Getting rid of these headers is only important because communication is very
expensive, per kilobyte of data.. so every byte I can save, leads to quite a
big saving.
"Colin McKinnon" <co**************@andthis.mms3.com> wrote in message
news:d9*******************@news.demon.co.uk...
Lisa Pearlson wrote:
Hi,

I have a php script with no more than this:

<?php echo "Hello World!"; ?>

<snip>

c
Hello World!
0

=======================
QUESTIONS:
- Where do the 'c' and '0' come from? '0' just denoting the end of the
data? -


They shouldn't be there - most likely a charset issue - from the shell try
cat -v myscript.php
How do I prevent HTTP headers sent back to the client? I wish to
only send "Hello World!", without any headers.


Then you can't do it via HTTP / an apache module (actually, you probably
could, but it would ned a lot of hacking). Without HTTP though, there's no
defined way of getting parameters into your script.
The reason is that the
client will be a piece of hardware that expects binary data as response,

<snip>

I use the following php script to simulate a client requesting the php
page, and display the headers:

$header = "POST $cgi HTTP/1.1\r\n";
$header .= "Host: $host\r\n";

<snip>

There's something very broken here - the client wants to talk HTTP, but
you
say that it won't listen to HTTP. R U sure?

C.

Jul 17 '05 #5

P: n/a
Writing my own server is risky.. both performance and stability with
concurrent connections is an issue. I prefer to use apache. Just need to
limit unused overhead as much as possible.

"Alvaro G Vicario" <al******************@telecomputeronline.com> wrote in
message news:1k*******************************@40tude.net. ..
*** Lisa Pearlson wrote/escribió (Tue, 28 Jun 2005 07:37:34 +0200):
- How do I prevent HTTP headers sent back to the client? I wish to only
send
"Hello World!", without any headers. The reason is that the client will
be a
piece of hardware that expects binary data as response, not HTTP headers.


Then, why use HTTP if the response must not follow the protocol rules? As
far as I know Apache will always send, at a minimum, the status line with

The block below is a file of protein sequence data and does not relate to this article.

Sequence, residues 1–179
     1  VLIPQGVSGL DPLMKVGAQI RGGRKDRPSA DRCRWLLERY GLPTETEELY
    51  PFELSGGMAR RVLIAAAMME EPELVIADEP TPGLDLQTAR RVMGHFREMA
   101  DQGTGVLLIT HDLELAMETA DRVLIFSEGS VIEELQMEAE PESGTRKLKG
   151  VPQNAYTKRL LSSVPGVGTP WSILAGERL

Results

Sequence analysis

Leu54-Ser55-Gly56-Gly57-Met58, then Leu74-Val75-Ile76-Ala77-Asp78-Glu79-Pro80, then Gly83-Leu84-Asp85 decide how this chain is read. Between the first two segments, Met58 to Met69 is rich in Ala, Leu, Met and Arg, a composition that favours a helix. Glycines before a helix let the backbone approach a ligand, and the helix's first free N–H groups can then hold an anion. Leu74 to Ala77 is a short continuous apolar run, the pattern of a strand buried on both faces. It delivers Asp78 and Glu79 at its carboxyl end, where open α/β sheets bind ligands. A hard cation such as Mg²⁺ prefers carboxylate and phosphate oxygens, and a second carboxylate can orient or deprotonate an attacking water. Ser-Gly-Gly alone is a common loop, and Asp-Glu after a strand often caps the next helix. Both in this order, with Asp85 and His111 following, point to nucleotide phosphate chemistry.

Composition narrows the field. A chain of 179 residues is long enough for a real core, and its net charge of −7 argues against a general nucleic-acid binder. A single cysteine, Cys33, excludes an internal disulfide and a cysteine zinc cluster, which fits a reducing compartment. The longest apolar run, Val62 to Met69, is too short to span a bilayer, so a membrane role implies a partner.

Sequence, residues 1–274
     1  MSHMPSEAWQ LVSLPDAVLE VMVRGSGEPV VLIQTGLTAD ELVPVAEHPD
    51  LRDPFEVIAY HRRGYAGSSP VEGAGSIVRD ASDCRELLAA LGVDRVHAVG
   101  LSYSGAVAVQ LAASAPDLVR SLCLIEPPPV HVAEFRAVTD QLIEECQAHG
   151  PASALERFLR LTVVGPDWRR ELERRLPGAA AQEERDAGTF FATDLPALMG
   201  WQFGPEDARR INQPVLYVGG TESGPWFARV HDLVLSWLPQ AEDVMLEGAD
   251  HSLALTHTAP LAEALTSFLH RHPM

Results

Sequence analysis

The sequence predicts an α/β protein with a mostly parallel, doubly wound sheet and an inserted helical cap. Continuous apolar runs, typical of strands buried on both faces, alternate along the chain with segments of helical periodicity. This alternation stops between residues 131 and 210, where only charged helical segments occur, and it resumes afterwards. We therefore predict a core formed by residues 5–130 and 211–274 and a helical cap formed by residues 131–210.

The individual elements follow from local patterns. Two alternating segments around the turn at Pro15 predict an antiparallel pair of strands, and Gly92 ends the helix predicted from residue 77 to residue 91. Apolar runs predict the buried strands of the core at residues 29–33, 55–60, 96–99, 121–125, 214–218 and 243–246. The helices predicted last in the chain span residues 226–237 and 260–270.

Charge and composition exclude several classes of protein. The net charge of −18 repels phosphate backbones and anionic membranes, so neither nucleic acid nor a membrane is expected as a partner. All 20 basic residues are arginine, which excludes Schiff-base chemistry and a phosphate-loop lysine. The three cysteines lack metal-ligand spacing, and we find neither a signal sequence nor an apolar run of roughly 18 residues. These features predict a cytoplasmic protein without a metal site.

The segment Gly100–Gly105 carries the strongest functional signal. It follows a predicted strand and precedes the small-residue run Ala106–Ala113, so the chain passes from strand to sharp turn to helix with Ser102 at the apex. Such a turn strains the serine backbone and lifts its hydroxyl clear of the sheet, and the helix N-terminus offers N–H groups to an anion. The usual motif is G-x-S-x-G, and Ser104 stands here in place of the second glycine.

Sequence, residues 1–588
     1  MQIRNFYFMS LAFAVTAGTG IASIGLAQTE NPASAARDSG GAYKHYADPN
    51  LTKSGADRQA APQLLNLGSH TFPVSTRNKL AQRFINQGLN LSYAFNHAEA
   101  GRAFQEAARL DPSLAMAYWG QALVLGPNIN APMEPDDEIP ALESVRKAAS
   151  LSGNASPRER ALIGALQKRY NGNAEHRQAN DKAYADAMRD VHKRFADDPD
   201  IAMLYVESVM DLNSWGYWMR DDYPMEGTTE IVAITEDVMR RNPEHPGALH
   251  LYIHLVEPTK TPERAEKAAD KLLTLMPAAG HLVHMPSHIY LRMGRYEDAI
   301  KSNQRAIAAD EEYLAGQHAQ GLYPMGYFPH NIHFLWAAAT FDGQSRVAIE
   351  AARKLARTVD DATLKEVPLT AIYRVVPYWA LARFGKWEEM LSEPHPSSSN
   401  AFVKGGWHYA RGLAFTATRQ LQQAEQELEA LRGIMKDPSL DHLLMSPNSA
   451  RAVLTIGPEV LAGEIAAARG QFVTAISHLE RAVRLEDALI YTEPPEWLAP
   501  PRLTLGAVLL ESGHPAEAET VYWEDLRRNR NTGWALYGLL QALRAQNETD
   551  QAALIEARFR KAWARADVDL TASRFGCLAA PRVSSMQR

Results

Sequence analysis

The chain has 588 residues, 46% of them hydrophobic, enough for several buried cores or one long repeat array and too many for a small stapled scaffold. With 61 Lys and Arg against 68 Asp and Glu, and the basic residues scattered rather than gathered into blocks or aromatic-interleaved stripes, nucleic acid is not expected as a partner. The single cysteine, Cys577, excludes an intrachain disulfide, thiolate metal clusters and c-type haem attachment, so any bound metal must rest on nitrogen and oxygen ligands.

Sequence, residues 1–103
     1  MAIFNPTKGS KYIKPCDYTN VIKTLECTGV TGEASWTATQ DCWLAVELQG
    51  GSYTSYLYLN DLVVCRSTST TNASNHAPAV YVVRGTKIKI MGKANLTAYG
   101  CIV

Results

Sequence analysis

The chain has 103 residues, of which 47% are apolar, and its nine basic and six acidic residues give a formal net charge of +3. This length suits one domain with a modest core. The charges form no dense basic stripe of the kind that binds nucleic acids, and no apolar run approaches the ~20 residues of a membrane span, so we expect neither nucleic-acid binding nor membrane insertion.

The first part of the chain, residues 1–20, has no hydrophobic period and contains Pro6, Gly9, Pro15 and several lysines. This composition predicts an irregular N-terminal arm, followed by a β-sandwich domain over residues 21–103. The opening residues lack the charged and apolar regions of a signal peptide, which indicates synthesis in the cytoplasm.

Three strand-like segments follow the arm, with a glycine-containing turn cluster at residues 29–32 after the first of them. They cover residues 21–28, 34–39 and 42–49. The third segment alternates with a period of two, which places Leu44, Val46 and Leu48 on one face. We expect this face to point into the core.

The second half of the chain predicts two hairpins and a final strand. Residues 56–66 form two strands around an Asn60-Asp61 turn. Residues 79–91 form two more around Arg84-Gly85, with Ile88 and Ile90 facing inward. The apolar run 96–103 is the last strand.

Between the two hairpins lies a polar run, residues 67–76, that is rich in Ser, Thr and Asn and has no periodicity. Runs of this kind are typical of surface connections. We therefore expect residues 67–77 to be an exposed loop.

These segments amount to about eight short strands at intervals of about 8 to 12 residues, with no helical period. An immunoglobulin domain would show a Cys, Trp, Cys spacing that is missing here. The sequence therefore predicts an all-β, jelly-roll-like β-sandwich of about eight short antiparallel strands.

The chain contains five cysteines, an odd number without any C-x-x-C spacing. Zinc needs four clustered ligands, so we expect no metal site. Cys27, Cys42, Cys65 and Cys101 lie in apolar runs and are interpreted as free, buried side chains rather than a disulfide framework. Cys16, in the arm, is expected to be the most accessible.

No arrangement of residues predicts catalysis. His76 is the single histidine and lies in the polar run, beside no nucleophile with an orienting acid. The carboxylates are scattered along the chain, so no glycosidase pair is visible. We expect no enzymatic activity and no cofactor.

the numeric status code. Can't your write a simple daemon that listens in
a
port? As you probably know you can write shell scripts in PHP.

--
-- Álvaro G. Vicario - Burgos, Spain
-- http://bits.demogracia.com - Mi sitio sobre programación web
-- Don't e-mail me your questions, post them to the group
--

Jul 17 '05 #6

P: n/a
> You can run a serversocket with PHP and
have your system connect to that.


Can you elaborate on this?

Lisa
Jul 17 '05 #7

P: n/a
Lisa Pearlson <no@spam.plz> wrote:
You can run a serversocket with PHP and
have your system connect to that.


Can you elaborate on this?


http://www.zend.com/pecl/tutorials/sockets.php should give you a pretty
good idea.

Jul 17 '05 #8

P: n/a
*** Lisa Pearlson wrote/escribió (Wed, 29 Jun 2005 02:36:09 +0200):
Writing my own server is risky.. both performance and stability with
concurrent connections is an issue. I prefer to use apache. Just need to
limit unused overhead as much as possible.


It seems unlikely to me that Apache+PHP offers better performance than only
PHP but of course's we'd need to benchmark the specific case. However, a
faster web server* may be a solution then (given that your embedded system
can finally understand HTTP).

(*) You have thttpd and some others

--
-- Álvaro G. Vicario - Burgos, Spain
-- http://bits.demogracia.com - Mi sitio sobre programación web
-- Don't e-mail me your questions, post them to the group
--
Jul 17 '05 #9

P: n/a
Interesting..
Hoever, like the article suggest, you need to take a lot of security
measures into account. I can't be messing with that.
Apache has evolved over many years..
I mean, it would take you only 2 days to write an HTTP web server in PHP,
but .. I wouldn't trust it, woud you?

Lisa

"Daniel Tryba" <pa**********@invalid.tryba.nl> wrote in message
news:42***********************@news6.xs4all.nl...
Lisa Pearlson <no@spam.plz> wrote:
You can run a serversocket with PHP and
have your system connect to that.


Can you elaborate on this?


http://www.zend.com/pecl/tutorials/sockets.php should give you a pretty
good idea.

Jul 17 '05 #10

P: n/a
Writing a HTTP server in PHP sounded so easy, I figured someone else already
thought of doing this:

http://nanoweb.si.kz/

"Lisa Pearlson" <no@spam.plz> wrote in message
news:42***********************@dreader24.news.xs4a ll.nl...
Interesting..
Hoever, like the article suggest, you need to take a lot of security
measures into account. I can't be messing with that.
Apache has evolved over many years..
I mean, it would take you only 2 days to write an HTTP web server in PHP,
but .. I wouldn't trust it, woud you?

Lisa

"Daniel Tryba" <pa**********@invalid.tryba.nl> wrote in message
news:42***********************@news6.xs4all.nl...
Lisa Pearlson <no@spam.plz> wrote:
You can run a serversocket with PHP and
have your system connect to that.

Can you elaborate on this?


http://www.zend.com/pecl/tutorials/sockets.php should give you a pretty
good idea.


Jul 17 '05 #11